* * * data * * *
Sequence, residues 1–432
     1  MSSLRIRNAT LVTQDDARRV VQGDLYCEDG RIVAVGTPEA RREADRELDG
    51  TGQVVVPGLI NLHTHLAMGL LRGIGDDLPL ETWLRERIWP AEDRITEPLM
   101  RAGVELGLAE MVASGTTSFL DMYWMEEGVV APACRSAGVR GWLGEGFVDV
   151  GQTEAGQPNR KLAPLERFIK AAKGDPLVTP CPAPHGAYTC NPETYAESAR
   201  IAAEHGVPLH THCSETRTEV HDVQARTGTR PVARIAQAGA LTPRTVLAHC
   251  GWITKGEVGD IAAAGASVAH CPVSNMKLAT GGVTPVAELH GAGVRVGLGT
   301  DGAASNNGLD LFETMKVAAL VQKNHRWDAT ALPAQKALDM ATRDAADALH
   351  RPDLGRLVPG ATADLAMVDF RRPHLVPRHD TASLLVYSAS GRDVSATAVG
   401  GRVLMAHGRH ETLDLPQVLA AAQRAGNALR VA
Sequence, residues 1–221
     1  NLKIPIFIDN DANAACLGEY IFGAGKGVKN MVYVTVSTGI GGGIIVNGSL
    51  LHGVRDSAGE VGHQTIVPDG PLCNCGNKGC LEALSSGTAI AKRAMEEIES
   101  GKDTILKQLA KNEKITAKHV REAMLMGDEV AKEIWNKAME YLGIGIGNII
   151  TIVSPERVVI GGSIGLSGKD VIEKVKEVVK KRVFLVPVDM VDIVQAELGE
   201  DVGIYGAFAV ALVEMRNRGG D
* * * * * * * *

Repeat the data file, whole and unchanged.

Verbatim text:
Sequence, residues 1–432
     1  MSSLRIRNAT LVTQDDARRV VQGDLYCEDG RIVAVGTPEA RREADRELDG
    51  TGQVVVPGLI NLHTHLAMGL LRGIGDDLPL ETWLRERIWP AEDRITEPLM
   101  RAGVELGLAE MVASGTTSFL DMYWMEEGVV APACRSAGVR GWLGEGFVDV
   151  GQTEAGQPNR KLAPLERFIK AAKGDPLVTP CPAPHGAYTC NPETYAESAR
   201  IAAEHGVPLH THCSETRTEV HDVQARTGTR PVARIAQAGA LTPRTVLAHC
   251  GWITKGEVGD IAAAGASVAH CPVSNMKLAT GGVTPVAELH GAGVRVGLGT
   301  DGAASNNGLD LFETMKVAAL VQKNHRWDAT ALPAQKALDM ATRDAADALH
   351  RPDLGRLVPG ATADLAMVDF RRPHLVPRHD TASLLVYSAS GRDVSATAVG
   401  GRVLMAHGRH ETLDLPQVLA AAQRAGNALR VA
Sequence, residues 1–221
     1  NLKIPIFIDN DANAACLGEY IFGAGKGVKN MVYVTVSTGI GGGIIVNGSL
    51  LHGVRDSAGE VGHQTIVPDG PLCNCGNKGC LEALSSGTAI AKRAMEEIES
   101  GKDTILKQLA KNEKITAKHV REAMLMGDEV AKEIWNKAME YLGIGIGNII
   151  TIVSPERVVI GGSIGLSGKD VIEKVKEVVK KRVFLVPVDM VDIVQAELGE
   201  DVGIYGAFAV ALVEMRNRGG D